• A Wonder-Book for Boys and Girls, by Nathaniel Hawthorne (1929)
  • The Prince and the Pauper, by Mark Twain (Heritage Press’s illustrated and boxed edition, 1964)
  • Life in the Castle in Medieval England, by John Burke (British Heritage Press, 1978)

The most I paid was $4.00, which was for the Twain. Talk about a win/win situation!

Many homeschooling parents carry lists of books they're looking for, so as to always be at the ready; but I prefer to give serendipity free rein. Besides, if I focus on searching for certain titles, I may overlook a particular gem. With so many book selections in the public domain and available online, I can afford to be cavalier and simply enjoy myself in book stalls.

And you? Do you enjoy spending time amid the dusty stacks of used books? Have you ever experienced that particular delight of finding unexpected literary treasure?

Friday, August 10, 2012

An Installment from Tiny Girl

Tiny Girl found this wonderful short video on YouTube, and she asked me to share it with our blog friends.  It's a little glimpse into her heart and life. Here 'tis:

Wednesday, August 8, 2012

To Sleep, Perchance to Dream

Photo courtesy Foter.com.

I love to sleep. I could happily sleep until mid-morning and then indulge in siesta that afternoon. My penchant for sleep is one arena in which Himself and I completely differ. After 15 years of marriage, he still manages to look astounded when I announce I’m going to take a Sunday afternoon nap. To him, it’s a waste of time. To me, it's anything but.

I get a lot of thinking done when I’m dozing, in that twilight time between awake and asleep. I make plans. I consider decorating ideas. I plot books I might one day write. I percolate. As an introvert, I consider this time well spent.

But the percolating is merely a nice by-product. My end goal is rest, and I’m serious about it.

When I turned forty (we won’t discuss when that actually occurred), my neighbor, who is older, asked knowingly, “How’s your sleep?” Not good, I had to admit. And for someone like me, this was a crisis situation. She nodded. Turns out, when she turned forty, her sleep changed, and not for the better. Sleep, or the lack of it, is a hot topic of conversation for friends my age.

I set about trying to remedy my difficulty, and over the last few years, I discovered a few things that have worked for me. Just in case good sleep is eluding you, I’m happy to share these ideas. I’ve even come up with a really catchy title:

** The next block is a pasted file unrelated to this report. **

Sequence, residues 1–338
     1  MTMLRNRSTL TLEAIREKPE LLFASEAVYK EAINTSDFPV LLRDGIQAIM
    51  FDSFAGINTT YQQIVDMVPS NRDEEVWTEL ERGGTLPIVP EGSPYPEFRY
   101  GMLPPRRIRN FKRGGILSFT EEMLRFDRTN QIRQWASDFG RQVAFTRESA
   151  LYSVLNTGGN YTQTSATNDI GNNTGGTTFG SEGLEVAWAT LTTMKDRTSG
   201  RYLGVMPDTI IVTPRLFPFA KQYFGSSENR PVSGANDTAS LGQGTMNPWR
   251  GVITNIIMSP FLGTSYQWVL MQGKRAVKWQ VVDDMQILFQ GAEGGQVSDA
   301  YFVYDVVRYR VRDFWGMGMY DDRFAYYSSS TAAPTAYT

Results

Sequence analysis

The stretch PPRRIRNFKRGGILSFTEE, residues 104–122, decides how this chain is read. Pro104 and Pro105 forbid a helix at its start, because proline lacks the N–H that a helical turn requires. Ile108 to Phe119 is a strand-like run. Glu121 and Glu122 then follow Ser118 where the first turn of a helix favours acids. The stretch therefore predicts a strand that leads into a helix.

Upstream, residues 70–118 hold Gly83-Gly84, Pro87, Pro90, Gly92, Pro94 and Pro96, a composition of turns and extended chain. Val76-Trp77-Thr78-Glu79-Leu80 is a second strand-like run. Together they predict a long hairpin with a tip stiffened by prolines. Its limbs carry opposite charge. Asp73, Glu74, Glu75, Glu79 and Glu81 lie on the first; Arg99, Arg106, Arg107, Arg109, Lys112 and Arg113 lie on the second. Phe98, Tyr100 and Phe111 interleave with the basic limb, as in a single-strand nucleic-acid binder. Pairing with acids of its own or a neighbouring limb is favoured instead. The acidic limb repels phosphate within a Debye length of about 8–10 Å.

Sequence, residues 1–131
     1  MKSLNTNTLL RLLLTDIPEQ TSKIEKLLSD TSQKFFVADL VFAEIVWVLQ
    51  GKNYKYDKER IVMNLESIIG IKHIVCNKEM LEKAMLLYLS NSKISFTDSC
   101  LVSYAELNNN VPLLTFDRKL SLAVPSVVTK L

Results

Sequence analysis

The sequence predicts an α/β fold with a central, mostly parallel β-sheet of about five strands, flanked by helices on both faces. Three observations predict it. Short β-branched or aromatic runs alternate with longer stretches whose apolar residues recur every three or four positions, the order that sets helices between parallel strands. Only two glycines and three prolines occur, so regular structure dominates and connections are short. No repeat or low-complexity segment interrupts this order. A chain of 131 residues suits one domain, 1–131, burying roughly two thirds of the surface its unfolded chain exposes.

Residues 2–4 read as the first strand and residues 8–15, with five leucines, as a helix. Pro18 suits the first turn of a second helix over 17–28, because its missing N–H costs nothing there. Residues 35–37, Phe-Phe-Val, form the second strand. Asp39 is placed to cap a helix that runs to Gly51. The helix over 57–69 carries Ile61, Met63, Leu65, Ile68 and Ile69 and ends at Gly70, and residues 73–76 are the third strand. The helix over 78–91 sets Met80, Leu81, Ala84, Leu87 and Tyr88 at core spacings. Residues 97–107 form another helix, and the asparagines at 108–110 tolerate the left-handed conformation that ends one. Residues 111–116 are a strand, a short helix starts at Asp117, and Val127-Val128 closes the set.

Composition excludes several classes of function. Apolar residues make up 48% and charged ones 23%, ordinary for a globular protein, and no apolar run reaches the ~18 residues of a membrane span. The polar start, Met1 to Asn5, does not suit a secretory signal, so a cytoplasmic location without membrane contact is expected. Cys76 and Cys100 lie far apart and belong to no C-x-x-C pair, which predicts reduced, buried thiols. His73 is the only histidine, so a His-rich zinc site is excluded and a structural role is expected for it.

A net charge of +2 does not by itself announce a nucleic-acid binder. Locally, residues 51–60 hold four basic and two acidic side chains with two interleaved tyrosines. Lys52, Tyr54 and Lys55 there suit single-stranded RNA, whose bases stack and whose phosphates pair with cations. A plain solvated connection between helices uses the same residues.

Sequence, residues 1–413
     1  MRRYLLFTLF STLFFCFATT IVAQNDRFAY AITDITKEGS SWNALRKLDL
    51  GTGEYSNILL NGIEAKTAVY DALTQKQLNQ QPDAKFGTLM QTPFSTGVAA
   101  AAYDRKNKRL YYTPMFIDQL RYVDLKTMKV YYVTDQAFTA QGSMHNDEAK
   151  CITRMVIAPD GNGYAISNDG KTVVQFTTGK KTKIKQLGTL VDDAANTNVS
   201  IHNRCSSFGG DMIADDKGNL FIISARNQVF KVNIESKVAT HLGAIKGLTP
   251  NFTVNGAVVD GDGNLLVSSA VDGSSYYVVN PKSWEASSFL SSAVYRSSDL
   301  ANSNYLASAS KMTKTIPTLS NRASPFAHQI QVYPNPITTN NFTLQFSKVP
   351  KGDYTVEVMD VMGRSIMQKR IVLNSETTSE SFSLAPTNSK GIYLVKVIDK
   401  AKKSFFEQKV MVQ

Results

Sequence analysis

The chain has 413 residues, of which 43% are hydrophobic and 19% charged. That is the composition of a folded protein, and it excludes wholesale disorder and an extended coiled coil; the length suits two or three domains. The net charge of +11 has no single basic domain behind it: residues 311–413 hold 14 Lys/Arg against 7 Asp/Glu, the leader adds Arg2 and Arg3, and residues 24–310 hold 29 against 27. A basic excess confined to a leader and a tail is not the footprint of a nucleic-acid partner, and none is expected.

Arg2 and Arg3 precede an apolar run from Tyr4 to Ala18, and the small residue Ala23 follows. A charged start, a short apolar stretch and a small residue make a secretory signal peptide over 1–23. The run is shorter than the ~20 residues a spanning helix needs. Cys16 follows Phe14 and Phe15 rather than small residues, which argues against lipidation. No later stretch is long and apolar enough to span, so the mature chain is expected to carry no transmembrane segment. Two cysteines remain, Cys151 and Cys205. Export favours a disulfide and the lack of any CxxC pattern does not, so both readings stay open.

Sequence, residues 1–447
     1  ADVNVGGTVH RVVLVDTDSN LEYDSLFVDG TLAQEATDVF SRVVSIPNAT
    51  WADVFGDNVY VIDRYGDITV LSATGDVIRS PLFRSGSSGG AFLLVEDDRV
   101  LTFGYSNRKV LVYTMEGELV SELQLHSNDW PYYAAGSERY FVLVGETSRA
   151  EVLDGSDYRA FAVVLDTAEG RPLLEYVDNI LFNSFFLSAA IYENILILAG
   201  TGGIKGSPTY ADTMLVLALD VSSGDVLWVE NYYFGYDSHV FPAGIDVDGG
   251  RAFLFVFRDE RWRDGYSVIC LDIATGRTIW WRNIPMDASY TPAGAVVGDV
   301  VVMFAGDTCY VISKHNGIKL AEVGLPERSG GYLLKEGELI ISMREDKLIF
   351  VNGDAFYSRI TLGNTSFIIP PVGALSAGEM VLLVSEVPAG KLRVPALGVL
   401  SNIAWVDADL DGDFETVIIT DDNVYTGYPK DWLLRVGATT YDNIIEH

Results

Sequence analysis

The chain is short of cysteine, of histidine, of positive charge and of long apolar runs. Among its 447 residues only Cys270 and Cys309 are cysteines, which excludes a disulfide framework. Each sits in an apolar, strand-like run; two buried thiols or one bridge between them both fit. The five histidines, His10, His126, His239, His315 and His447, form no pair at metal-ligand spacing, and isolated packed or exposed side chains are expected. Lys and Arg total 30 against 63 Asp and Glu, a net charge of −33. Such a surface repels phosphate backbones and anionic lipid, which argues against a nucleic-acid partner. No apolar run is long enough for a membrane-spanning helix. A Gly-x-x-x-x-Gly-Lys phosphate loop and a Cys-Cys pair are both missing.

Ellen’s Tips for a Good Night’s Sleep
  • No caffeine after 3:00 PM. Chocolate, of course, is excepted. If you are susceptible to blood sugar rises and dips, then consider avoiding sugar after 3:00 as well.
  • A cool room. When it’s too warm, good sleep is impossible. When I’m in the land of constant air conditioning, I turn on my ceiling fan when it’s time to sleep, since I can’t lower the thermostat (unless I want a hefty electric bill, which I don’t).
  • Darkness. I use a sleep mask. I’ve tried several, and the best I’ve happened upon is made by Earth Therapeutics. It’s larger than most, generously padded, and features an adjustable headband with Velcro. This is much more comfortable than trying to rest with a big knot at the back of your head.
  • Quiet. I’m a light sleeper, so noises interrupt my rest. In college (dorm life is loud), I slept with a small fan for white noise, and sometimes I still do. But for about a year now, I’ve used soft foam ear plugs. Bliss!
  • Pillows. The right pillow is essential. It took me a few years to find just the right one. It's a firm feather pillow that I inherited from the family from whom we bought our cabin. What good fortune! I also sleep with a body pillow, which I acquired when I was expecting Miss Priss.

Some people swear by scents such as lavender, but these aren't crucial for me. You may want to try some aromatherapy to see how it works for you.

What sleep tricks and techniques do you use? I'd love to hear about them.

Sweet dreams!

Tuesday, August 7, 2012

Review: MasterMath FREE Middle School Online Math Lessons

Going toe-to-toe with middle school math -- again? Pop over to Curriculum Choice to read my review of MasterMath, free online middle school math lessons.

Curriculum Choice Homeschool Review Blog